Group rallies for fiscal cliff deal

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KNOXVILLE, Tenn. (WVLT) -- More than a dozen people braved the cold weather to rally outside the federal building in downtown Knoxville on Saturday.

"This is where Congressmen Duncan, Corker and Alexander have their offices and we feel like this is their home away from Washington, and we can be the closest to them here. So we're wanting them to know how we feel," said June Jones, one of the organizers.

Bush-era tax cuts come to an end January 1, and unless Congress reaches a deal, it will mean tax increases for all Americans.

"If we don't get some small measure, like the Discharge Petition, that protects 98 percent of all middle class Americans making $250,000 and less, and small businesses making $250,000 and less, our taxes are going to go up. We're going to see an increase on our taxes right away. You'll see between $200 to $300 a month coming out of your paycheck," said Jones.'

Joan Nelson said that would be devastating for her children:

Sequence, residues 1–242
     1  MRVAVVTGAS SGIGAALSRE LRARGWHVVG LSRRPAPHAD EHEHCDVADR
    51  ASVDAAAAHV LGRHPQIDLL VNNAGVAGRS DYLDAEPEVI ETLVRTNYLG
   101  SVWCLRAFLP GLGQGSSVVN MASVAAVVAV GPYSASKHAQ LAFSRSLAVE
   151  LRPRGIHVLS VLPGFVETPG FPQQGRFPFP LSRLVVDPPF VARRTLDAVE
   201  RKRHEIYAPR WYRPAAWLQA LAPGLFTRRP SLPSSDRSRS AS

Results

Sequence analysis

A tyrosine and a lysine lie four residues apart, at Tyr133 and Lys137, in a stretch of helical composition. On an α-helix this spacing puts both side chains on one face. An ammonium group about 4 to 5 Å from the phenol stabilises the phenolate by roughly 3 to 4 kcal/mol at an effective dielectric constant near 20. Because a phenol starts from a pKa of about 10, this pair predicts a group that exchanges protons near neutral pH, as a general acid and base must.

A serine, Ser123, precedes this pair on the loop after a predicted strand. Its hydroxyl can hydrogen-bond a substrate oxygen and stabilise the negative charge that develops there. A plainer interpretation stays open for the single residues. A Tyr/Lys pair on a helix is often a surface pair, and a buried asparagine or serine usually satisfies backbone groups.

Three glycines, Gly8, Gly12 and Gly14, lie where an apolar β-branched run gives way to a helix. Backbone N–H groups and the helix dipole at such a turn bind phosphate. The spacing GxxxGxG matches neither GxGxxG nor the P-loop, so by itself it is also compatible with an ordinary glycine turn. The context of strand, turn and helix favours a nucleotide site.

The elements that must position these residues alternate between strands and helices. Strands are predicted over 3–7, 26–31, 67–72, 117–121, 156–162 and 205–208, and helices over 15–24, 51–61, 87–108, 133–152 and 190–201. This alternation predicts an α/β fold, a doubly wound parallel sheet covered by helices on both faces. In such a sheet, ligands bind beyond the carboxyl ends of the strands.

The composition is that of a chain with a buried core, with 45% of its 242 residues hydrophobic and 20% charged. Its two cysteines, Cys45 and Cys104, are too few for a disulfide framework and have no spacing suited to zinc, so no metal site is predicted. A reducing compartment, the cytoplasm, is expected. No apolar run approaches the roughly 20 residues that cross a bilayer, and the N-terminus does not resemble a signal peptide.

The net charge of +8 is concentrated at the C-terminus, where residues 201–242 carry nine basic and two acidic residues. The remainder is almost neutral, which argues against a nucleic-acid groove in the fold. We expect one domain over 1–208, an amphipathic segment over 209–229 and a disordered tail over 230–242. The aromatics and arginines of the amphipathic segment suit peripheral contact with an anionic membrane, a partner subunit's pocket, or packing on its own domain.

"They're just getting back into full-time employment, just being able to see that they can actually afford their rent, pay for the food, keep their cars in good working condition. And that $2,000 is going to throw them back into that hard struggle of whether or not they can make it again," said Nelson.

If a deal isn't reached, federal spending cuts of 8 to 9 percent could also kick in, affecting everything from parks, to education and law enforcement.

"Normal, ordinary Americans - we do our job, we do it well. We meet our responsibilities, we meet our deadlines and we get it done. And there's no reason in the world why Senators and Congressmen cannot do the same thing," said Julie Miller, who attended the rally.

If Democrats and Republicans can't agree on a deal, President Barack Obama said he wants to put his proposal up for a vote in the Senate and House. His plan could keep tax cuts in place for the middle class and extend unemployment benefits.

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